Best wishes to HAS Professor Jim T-C Yeh for his upcoming featured presentation at the Science Cafe at NM Tech in Socorro, New Mexico!
Despite the recent advances in AI, Machine Learning, and other interpretational tools, the fact is that densely monitored spatiotemporal data are most critical. This talk explores our common sense for collecting data intelligently with the limited number of sensors over basins by exploiting the power of natural stimuli to enhance our understanding of the subsurface sciences and engineering.
Science Café: A View Toward The Future Of The Subsurface Sciences And Engineering Technology
The Museum of Nature & Science and Sigma Xi present “A View Toward The Future Of The Subsurface Sciences And Engineering Technology” with guest speaker T.C. Jim Yeh. Yeh joins us via Zoom Tuesday, October 17, at 5:30pm, NM, (4:30 pm, AZ). Please contact email@example.com or call 575-522-3120 for a link to the program or go to zoom.us with webinar ID: 897 7011 9755
High-resolution characterization, monitoring, and prediction are crucial to advancing and reducing uncertainty in understanding and predicting basin-scale subsurface processes. Recently developed tomographic surveys based on common sense have been proven as a practical way to collect a large amount of non-redundant data such that AI and other tools can correctly interpret the hydrogeologic processes in the field-scale subsurface. The fusion of different types of tomographic surveys further enhances the characterization.
A basin is an appropriate scale for water resources and geoengineering management purposes. Expanding the tomographic surveying and data fusion concept to basin-scale characterization by exploiting recurrent natural stimuli (e.g., lightning, earthquakes, storm events, barometric variations, river-stage variations, etc.) as sources of excitations is a logical next step because of their enormous power and areal coverage. Implementing automatic sensor networks, monitoring long-term and spatially distributed excitation, and surface and subsurface responses spontaneously lead to naturally recurrent basin-scale tomographic surveys.
This vision for basin-scale subsurface characterization faces many significant technological challenges. It requires interdisciplinary collaborations (e.g., surface and subsurface hydrology, geophysics, geology, geochemistry, information and sensor technology, applied mathematics, atmospheric science, etc.). This vision should be a future direction for subsurface science and geoengineering research.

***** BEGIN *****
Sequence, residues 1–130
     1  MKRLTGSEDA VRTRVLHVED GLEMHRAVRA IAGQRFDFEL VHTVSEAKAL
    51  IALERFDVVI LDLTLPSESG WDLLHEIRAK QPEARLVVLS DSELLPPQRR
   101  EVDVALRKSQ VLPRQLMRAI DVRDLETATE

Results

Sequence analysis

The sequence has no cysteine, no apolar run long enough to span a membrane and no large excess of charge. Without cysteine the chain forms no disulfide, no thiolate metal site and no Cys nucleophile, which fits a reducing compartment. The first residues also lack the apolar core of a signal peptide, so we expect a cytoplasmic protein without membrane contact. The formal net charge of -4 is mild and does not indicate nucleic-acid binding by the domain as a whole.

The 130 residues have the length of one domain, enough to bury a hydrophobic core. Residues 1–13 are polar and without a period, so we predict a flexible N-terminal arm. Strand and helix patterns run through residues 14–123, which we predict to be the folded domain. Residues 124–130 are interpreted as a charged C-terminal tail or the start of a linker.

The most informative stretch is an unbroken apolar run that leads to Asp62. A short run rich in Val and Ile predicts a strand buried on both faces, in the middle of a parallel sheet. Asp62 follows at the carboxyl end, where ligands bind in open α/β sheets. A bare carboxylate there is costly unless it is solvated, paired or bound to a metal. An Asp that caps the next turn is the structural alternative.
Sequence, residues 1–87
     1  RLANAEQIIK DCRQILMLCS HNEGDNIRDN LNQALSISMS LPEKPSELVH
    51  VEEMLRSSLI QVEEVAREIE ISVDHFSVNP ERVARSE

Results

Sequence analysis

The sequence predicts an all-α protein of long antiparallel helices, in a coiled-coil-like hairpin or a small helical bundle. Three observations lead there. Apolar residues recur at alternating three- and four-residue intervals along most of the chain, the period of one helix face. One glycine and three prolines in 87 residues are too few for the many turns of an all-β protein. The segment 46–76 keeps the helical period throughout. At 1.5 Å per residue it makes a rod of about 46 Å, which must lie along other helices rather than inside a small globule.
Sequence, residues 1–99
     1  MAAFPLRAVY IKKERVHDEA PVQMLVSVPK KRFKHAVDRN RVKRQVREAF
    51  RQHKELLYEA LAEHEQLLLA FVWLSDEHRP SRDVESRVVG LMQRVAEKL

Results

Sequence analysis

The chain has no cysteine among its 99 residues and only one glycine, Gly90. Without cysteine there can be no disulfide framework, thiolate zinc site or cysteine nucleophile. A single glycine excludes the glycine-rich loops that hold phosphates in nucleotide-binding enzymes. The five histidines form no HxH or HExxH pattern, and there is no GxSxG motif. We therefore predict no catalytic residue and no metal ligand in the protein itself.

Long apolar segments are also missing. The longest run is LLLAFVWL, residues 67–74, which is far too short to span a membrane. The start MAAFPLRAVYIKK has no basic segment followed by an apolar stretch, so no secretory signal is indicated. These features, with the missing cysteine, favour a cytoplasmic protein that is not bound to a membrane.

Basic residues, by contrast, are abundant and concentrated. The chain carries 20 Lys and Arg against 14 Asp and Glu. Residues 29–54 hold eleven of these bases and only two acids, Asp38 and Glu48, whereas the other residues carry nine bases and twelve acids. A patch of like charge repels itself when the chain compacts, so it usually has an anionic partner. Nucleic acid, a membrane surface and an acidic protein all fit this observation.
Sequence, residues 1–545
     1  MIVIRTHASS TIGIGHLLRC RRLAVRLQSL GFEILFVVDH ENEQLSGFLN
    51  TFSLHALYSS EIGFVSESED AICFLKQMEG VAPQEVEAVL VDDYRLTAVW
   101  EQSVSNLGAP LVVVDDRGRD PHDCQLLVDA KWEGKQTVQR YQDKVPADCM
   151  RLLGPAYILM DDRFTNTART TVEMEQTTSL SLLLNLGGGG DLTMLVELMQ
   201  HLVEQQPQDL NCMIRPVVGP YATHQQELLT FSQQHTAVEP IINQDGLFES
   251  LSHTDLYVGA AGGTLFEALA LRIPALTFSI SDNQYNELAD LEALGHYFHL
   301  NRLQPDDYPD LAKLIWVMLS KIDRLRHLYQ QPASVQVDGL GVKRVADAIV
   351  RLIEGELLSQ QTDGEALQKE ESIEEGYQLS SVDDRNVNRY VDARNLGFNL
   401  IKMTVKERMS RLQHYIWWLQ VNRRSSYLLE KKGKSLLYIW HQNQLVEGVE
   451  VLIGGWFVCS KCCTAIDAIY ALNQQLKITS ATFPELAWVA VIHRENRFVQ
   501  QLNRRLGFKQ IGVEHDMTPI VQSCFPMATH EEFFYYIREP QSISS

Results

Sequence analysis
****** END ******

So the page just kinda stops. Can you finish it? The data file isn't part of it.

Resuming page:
Dr. Yeh graduated from NM Tech, Socorro, NM, in 1983 and is a professor at the Department of Hydrology and Atmospheric Sciences at the University of Arizona. He specializes in numerical, stochastic, and field investigation of flow through heterogeneous geologic formations. He discovered the moisture-dependent anisotropy of unsaturated hydraulic conductivity and moisture-dependent dispersion concepts in the vadose zone hydrology. More importantly, he pioneered the development of hydraulic, river-stage, and lightning tomographic surveys. He is the first author of two books: Flow Through Heterogeneous Geologic Media (2015, Cambridge University Press) and An Introduction to Solute Transport in Heterogeneous Geologic Media (2023, Cambridge University Press). According to Google Scholar (10/3/2023), his publications have received citations:11,298, h-index: 55, i10-index:155. He can be contacted via firstname.lastname@example.org or email@example.com.
Dr. Yeh appreciated guidance from his former professors, Lynn Gelhar, Alan Gutjahr, and Daniel Stephenson (NM Tech) for opening the door of the stochastic realm for him and for warm friendships from many classmates from NMT. Dr. Yeh said: It is unbelievable that Socorro, a small town in a desert, changed his and his wife’s life.
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